SCOTT, John (1850-1928), a well-known architect in Detroit, Michigan who practised there in partnership with his brother Arthur H. Scott from 1889 until after 1914. Born on 10 May 1850 at Ipswich, England, he was the son of the Detroit architect William Scott (1821-1889), and almost certainly trained in his father’s office from 1870 onward. By 1874 he had joined his father in a formal partnership of William Scott & Son, and from 1875 the firm was renamed William Scott & Co.
After the death of his father in 1889, John Scott opened a new office in partnership with his brother Arthur, and with Louis Kamper, as Scott, Kamper & Scott, Architects. The firm was renamed John Scott & Co. in 1891 and remained active until after 1920. Their best known work in Canada was the refined Beaux-Arts design for the Carnegie Library in Windsor, Ont. (1902-03), a commission won in an architectural competition. Scott retired in 1926 and later died in Rochester, Oakland Co., Michigan on 6 December 1928 (obit. Border Cities Star [Windsor], 8 Dec. 1928, Section Three, 4; biog. H. Withey, Biographical Dictionary of American Architects, 1956, 544; biog. and list of works in W. Hawkins Ferry, The Buildings of Detroit, 1968, 210-11).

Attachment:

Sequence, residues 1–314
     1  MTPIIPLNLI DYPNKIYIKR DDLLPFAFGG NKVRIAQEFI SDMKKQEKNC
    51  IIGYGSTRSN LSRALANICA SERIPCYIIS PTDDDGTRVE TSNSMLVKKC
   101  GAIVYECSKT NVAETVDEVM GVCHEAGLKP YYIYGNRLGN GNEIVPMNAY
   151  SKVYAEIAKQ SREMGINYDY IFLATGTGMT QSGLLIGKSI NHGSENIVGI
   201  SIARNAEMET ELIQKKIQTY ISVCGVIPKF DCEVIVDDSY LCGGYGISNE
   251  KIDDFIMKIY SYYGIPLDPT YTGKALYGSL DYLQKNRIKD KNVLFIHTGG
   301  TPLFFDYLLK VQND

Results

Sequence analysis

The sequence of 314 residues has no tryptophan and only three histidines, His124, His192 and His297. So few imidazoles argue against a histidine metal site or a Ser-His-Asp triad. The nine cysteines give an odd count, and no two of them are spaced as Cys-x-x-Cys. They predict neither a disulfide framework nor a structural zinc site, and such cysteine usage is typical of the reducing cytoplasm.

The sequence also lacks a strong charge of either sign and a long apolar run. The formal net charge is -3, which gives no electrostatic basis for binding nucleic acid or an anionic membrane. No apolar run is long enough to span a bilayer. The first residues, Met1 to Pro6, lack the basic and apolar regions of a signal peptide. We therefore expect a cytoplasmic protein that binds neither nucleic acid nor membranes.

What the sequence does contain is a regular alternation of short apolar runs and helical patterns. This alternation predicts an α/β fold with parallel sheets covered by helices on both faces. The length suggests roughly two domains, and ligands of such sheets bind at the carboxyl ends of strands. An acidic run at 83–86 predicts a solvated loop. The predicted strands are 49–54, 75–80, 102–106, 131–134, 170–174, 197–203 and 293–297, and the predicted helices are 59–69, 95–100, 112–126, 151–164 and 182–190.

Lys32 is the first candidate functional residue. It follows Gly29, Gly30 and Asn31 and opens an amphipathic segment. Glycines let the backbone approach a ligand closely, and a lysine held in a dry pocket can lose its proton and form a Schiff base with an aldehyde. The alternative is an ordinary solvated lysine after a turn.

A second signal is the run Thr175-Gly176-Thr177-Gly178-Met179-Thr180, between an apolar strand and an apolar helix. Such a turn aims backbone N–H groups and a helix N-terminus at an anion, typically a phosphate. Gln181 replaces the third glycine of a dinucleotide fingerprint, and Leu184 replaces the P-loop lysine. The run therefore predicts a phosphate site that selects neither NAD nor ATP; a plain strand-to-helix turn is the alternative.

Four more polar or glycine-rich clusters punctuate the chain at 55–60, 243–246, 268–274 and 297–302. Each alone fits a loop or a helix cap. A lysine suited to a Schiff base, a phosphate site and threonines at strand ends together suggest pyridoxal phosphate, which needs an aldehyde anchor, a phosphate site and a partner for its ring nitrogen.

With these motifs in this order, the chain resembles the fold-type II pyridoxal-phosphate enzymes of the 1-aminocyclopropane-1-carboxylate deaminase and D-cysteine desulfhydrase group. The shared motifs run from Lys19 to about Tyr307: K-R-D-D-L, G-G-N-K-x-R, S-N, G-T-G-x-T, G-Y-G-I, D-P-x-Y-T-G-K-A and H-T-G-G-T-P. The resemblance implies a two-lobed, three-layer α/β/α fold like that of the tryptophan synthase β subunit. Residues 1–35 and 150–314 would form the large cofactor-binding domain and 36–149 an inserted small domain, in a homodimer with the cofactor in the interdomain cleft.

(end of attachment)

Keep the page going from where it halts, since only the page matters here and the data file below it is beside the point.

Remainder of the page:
SCOTT, KAMPER & SCOTT
WINDSOR, ONT., a rectory for All Saints Anglican Church, Park Street East at Goyeau Street, 1890 (Canadian Churchman [Toronto], xxiii, 6 May 1897, 278)
JOHN SCOTT & CO.
DETROIT, MICH., Wayne County Building, Randolph Street facing Cadillac Square, 1897-1902 (Kathryn Eckert, Buildings of Michigan, 1993, 73-4, illus.)
WINDSOR, ONT., Carnegie Library, Park Street West at Victoria Avenue, 1902-03; demol. c. 1965 (Evening Record [Windsor], 22 Jan. 1902, 8; 11 March 1902, 1, illus., plans and descrip.; Detroit Free Press, 12 March 1902, 10, illus. & descrip.; C.R., xiii, 25 June 1902, 2, t.c.; C.A.B., xv, June 1902, plate illus.; M. Beckman, The Best Gift, 1984, 31, 138, 185, illus.)
WINDSOR, ONT., Windsor Volunteer Memorial Fountain, honouring veterans from the Boer War in South Africa, located in front of the Post Office Building, 1903-05 (London Free Press, 7 Oct. 1903, 10; C.R., xiv, 2 Dec. 1903, 2; Evening Record [Windsor], 28 Aug. 1905, 1)
WINDSOR, ONT., City Hall, Windsor Avenue, a conversion of the former Central School into a new City Hall, with addition of a clock tower, 1904 (Evening Record [Windsor], 22 Dec. 1904, 1, illus. & descrip.)
BOIS BLANC ISLAND, ONT., large amusement pavilion for the Detroit, Belle Isle & Windsor Ferry Co., 1905; large indoor Dance Pavilion, 1911-12 (Detroit Free Press, 10 Sept. 1905, 8, descrip.; Evening Record [Windsor], 1 Nov. 1911, 1, descrip.; 4 July 1913, 1)
DETROIT, MICH., residence for Arthur H. Buhl, Iroquois Avenue, 1909 (Kathryn Eckert, Buildings of Michigan, 1993, 111, illus.)